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Halifax Job Search Strategies Forum Report

Transitioning from School to Work

Video
Watch streaming video of Shawn Thompson

Shawn Thompson, Diversity and Workplace Equity, BMO Financial Group

“You have to think of yourself as the Chief Marketing Officer of You, as you go out and promote yourself to potential employers,” said Shawn Thompson. A solid career plan has four parts: building a professional brand, identifying strengths and opportunities for development, setting career goals, and setting the plan in action.

Self-assessment is the foundation of any career plan, yet it is often given little or no consideration, Thompson said. For a career plan to succeed, self-assessment should be realistic and honest. Identifying personal values, interests, personality, and skills uncovers the characteristics that appeal to others, including employers.

Job seekers should make a list of their strengths and weaknesses, and invite people they know and trust to make a similar list. If the two lists differ greatly, more self-reflection is necessary.

Knowing oneself leads to the development of the most powerful self-promotional tool: personal brand. An individual builds a personal brand with professional cover letters, resumés, and personal networking.

“When you leave the room, what do you want people to say about you?” Thompson asked. “That is the brand you want to build.”

Thompson said body language helped him succeed in his first interview out of university. Leaning forward when answering questions set him apart from other applicants; it shows passion, confidence, and motivation. Now, as an interviewer, he looks for personal brand as well as answers to three questions:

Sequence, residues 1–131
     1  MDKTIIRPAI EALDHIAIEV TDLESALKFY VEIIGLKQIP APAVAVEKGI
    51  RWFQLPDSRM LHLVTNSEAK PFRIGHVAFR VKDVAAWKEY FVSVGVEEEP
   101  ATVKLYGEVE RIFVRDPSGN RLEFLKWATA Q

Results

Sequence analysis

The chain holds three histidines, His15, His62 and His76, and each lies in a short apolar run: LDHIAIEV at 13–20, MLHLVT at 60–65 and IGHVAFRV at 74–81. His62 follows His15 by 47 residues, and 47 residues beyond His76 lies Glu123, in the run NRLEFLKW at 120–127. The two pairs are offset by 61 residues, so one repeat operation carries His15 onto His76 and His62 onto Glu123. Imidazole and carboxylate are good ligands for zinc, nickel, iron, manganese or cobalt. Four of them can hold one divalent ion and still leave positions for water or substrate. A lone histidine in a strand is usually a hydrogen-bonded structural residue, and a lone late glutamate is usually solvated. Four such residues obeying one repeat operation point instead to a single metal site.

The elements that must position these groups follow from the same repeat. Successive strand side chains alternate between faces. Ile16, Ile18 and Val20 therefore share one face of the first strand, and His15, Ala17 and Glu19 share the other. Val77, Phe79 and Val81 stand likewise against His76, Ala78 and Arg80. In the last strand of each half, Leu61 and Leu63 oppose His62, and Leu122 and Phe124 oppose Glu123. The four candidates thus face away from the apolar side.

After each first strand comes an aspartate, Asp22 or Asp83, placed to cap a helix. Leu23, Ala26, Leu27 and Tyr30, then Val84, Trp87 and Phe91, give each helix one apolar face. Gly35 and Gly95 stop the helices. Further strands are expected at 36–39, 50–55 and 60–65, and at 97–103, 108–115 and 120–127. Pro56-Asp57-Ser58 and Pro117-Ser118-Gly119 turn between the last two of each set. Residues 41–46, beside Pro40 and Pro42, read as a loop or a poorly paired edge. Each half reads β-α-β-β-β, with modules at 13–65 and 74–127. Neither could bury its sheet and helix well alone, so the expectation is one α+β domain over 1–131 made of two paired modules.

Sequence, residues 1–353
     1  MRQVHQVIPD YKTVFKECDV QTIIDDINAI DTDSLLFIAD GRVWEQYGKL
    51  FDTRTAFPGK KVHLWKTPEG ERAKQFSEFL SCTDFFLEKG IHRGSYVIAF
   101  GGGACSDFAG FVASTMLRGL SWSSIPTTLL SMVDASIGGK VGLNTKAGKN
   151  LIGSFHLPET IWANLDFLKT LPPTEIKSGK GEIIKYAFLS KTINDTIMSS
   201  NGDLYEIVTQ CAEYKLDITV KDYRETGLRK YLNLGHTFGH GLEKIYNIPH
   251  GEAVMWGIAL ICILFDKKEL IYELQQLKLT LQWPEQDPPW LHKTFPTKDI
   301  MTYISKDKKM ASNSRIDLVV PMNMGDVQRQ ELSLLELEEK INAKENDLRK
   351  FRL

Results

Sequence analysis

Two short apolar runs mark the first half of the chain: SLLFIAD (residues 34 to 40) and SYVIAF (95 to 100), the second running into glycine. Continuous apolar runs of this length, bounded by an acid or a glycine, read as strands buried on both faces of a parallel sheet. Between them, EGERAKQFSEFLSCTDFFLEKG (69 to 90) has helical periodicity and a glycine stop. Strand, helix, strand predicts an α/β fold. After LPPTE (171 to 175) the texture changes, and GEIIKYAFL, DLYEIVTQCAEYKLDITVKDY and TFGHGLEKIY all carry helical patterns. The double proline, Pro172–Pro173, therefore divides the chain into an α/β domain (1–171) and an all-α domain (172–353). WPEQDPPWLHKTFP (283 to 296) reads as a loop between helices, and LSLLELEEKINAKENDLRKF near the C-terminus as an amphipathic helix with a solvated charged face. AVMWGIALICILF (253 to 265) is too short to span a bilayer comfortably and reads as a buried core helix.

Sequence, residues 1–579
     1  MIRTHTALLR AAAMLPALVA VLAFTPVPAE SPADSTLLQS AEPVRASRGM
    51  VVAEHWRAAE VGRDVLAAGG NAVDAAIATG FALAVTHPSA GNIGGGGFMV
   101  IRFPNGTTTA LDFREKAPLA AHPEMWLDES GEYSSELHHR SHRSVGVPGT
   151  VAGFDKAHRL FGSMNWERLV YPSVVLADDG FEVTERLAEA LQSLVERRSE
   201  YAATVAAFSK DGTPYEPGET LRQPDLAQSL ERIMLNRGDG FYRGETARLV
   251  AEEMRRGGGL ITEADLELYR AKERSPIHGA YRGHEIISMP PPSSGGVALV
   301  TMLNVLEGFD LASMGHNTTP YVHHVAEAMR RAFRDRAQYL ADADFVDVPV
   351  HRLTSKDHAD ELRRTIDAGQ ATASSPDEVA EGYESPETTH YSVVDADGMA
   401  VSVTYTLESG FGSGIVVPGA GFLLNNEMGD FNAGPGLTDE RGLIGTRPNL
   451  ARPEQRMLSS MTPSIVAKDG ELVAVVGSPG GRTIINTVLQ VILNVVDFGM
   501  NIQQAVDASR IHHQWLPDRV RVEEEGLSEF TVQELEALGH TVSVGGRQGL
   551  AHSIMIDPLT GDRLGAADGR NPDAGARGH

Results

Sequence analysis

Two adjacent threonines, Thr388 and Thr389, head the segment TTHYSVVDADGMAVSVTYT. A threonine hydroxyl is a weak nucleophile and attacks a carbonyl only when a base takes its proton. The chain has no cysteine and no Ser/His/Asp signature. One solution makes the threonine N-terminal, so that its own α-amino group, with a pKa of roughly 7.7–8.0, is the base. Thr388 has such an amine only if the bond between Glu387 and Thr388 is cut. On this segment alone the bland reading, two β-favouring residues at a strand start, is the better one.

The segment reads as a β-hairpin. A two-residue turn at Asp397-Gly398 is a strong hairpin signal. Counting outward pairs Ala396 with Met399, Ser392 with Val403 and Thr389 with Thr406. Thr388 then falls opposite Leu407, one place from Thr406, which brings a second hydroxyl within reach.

• Why do you want to work for us?
  • What do you know about our company’s goals and objectives?
  • Do you understand and embrace our company culture?

Developing a personal brand will help applicants answer these questions. Details of a company’s operations and expectations can be found on the company website, and on the website of its industry association. For instance, a potential applicant to BMO might research the Canadian Bankers Association.

At trade shows Thompson sees many people who want a senior position with his organization. While aspirations are good, applicants must realize that most jobs for new graduates are entry-level. Promotions are possible, but they come with time and perseverance. Setting clear career goals will make this process more efficient. Thompson advised learning more about potential jobs by shadowing, mentoring, or volunteering in related fields.

The final step in the career plan is action: set specific tasks and timelines to reach short- and long-term goals.

Thompson commonly sees 200–300 applicants vying for a single job, so having a personal brand and researching the company are crucial to making an impression. Treat each application as a learning experience, regardless of the outcome, said Thompson. Be open to feedback, reflect, and make adjustments where necessary.


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